That’s really just a long way of saying that — in the long run — that player is better off shooting threes than twos, even though we tend to think of 29 percent as a terrible percentage from deep. Ergo, the Bulls offense will produce more points with Gibson shooting threes as opposed to twos as long as his percentage on threes is anywhere near his percentage on twos.
Will it be? Hard to say. Gibson said he has a new form for his jumper, which — being specifically designed for the purpose — seems likely to aid him in his efforts to push his range out. The last two years, Gibson has shot about 33 percent from 16-23 feet, and he shot about 38 percent from the same distance in the two years prior to that. Presumably, that would dip a little bit as he moved further out, but here’s the thing: he could shoot 22 percent from downtown and produce exactly as many expected points as he would shooting long twos at 33 percent.
The coaches aren’t even close to being onboard with such a 3-happy philosophy yet. “To have guys who shoot 3s that can’t break that 35 percent break-even point, you have to really evaluate that,” Sterner says.
“You can shoot as many 3s as you’d like,” Casey says, “but if you don’t make them, that philosophy goes out the window. There’s always going to be disagreements. Analytics might give you a number, but you can’t live by that number.”
Casey is obviously right that DeRozan is a bad 3-point shooter. But the analytics team argues that even sub–35 percent 3-point shooters should jack more 3s, and that coaches should probably spend more time turning below-average 3-point shooters into something close to average ones.
“Player development and coaching are scarce resources,” Rucker says. “You only have so much practice time. At a very basic level, a guy going from 25 percent to 30 percent from 3-point range is far more meaningful than a guy improving from 35 percent to 40 percent from midrange.”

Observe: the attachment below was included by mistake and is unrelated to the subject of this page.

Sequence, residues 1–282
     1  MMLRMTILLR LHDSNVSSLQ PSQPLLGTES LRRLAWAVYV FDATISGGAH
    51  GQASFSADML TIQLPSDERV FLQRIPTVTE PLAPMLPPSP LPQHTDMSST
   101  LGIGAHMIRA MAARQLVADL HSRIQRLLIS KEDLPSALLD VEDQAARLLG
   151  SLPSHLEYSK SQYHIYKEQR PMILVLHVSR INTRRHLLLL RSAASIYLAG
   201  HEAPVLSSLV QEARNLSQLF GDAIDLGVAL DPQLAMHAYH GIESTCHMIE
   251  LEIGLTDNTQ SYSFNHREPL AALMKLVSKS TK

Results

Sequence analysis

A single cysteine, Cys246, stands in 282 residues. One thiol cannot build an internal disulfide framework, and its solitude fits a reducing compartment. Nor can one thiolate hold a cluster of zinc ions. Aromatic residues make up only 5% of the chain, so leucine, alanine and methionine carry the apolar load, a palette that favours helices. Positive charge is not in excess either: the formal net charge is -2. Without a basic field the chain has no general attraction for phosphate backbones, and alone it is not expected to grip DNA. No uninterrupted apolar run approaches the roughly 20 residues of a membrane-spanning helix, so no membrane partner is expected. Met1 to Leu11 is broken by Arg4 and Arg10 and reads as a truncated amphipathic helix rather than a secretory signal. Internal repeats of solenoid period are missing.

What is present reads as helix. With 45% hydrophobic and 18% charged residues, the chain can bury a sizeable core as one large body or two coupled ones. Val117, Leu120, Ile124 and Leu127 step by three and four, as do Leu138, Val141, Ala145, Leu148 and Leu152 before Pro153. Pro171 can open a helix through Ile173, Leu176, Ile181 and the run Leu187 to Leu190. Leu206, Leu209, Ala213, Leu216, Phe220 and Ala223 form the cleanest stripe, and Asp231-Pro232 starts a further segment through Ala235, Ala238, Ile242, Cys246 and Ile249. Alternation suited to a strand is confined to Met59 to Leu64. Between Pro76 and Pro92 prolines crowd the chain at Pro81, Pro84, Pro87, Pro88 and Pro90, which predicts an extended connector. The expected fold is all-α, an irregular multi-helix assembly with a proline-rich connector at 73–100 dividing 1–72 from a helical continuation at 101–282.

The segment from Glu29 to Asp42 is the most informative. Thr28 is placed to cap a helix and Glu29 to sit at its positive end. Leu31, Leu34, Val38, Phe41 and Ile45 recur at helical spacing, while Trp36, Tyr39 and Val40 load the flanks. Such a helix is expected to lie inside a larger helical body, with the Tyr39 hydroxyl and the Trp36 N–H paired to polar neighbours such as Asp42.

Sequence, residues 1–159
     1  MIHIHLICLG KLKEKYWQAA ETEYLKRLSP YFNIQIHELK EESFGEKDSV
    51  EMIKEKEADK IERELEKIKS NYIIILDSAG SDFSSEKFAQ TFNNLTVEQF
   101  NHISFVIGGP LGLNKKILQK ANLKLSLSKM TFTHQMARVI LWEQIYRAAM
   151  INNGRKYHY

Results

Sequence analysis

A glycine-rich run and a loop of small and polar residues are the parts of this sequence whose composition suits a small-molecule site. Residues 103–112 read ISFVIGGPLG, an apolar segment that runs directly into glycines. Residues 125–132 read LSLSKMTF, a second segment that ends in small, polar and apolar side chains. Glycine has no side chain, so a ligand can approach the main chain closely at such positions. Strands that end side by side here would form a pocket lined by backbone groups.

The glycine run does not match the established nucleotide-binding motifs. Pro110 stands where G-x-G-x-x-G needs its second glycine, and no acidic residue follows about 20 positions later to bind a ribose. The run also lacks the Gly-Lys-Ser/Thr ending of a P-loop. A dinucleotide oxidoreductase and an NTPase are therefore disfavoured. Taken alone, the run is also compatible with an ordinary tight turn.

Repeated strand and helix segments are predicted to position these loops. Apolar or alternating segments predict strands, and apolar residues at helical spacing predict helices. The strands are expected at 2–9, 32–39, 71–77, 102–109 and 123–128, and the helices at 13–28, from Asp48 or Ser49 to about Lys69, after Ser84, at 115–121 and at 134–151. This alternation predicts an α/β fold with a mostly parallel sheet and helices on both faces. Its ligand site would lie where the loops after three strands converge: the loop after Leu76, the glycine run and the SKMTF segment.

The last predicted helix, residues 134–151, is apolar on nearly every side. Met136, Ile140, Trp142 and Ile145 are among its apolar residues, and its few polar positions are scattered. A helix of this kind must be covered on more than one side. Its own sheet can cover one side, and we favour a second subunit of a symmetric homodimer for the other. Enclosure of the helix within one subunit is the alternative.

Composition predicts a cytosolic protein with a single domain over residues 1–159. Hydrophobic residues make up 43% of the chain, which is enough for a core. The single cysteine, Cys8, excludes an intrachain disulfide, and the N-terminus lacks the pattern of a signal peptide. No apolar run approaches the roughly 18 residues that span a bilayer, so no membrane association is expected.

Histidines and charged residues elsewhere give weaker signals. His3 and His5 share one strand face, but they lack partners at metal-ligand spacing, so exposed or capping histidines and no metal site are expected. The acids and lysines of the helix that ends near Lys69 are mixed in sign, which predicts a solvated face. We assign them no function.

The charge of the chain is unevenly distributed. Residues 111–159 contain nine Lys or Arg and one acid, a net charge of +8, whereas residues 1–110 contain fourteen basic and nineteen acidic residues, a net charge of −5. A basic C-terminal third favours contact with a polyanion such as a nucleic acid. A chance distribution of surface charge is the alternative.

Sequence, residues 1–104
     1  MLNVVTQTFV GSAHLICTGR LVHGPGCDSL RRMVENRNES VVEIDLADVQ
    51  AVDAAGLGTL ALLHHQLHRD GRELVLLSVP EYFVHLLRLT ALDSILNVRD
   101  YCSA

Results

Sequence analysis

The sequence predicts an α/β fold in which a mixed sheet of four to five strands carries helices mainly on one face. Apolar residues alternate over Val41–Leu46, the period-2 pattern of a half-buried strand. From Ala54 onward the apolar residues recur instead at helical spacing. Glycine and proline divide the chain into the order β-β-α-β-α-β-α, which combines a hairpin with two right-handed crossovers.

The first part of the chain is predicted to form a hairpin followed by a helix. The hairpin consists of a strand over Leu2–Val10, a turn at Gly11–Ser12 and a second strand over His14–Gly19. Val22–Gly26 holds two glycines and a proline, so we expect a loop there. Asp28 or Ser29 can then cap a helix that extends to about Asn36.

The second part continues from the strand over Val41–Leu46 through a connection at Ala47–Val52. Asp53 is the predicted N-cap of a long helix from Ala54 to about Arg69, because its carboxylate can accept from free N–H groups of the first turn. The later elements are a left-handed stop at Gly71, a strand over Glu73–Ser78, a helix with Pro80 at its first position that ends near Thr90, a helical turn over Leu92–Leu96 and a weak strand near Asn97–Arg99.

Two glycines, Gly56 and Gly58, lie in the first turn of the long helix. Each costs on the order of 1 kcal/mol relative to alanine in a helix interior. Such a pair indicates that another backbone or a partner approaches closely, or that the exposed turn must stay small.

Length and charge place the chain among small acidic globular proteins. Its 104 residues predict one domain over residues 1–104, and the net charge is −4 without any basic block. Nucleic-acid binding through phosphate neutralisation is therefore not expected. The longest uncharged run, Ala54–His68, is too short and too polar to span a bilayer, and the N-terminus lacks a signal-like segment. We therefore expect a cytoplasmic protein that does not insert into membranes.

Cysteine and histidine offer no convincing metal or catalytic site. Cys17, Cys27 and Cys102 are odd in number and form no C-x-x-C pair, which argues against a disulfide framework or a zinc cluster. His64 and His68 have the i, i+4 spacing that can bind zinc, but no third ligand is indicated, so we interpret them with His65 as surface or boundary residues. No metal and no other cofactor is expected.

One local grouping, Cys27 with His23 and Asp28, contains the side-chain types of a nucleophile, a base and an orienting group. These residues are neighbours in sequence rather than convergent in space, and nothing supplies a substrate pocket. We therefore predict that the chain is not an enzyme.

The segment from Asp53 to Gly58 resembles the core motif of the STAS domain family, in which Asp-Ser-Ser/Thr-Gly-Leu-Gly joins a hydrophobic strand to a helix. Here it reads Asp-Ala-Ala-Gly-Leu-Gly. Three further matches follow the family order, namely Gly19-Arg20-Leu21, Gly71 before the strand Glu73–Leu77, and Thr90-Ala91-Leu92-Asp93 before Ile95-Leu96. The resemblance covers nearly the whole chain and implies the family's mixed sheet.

The divide touches both on player development and on the degree to which the limitations of personnel should guide how a team plays. In very general terms, coaches tend to see personnel as paramount and limiting, while the analytics guys — from an upstairs office, of course — are more comfortable allowing players to stretch themselves toward more mathematically sound decisions. In other words: Paul Millsap is 30-of-109 career from 3-point range? Who cares! Let him shoot, and shift some of his practice time toward a shot that doesn’t conventionally fit his skill set and build.
Substitute “Taj Gibson” for “Paul Millsap” there in the last paragraph (and also swap out “30-of-109” for “1-of-12” as long as you’re at it) and you’ve basically got the argument I’m trying to make.
Also, all math aside, think about it this way: If Gibson can make a few threes and get defenses to take even one single step closer to him when he’s spotted up in the corner, that’s HUGE for the Bulls’ offense. What do you think Derrick Rose could do with an extra step of space in the lane? He doesn’t need much of a hole to get to the rim, and that one step could make the difference between a layup – or a foul — and a turnover.
Anyway, it’s fun to have actual basketball to talk about again. 4 days until the preseason opener, 28 until the regular season, folks.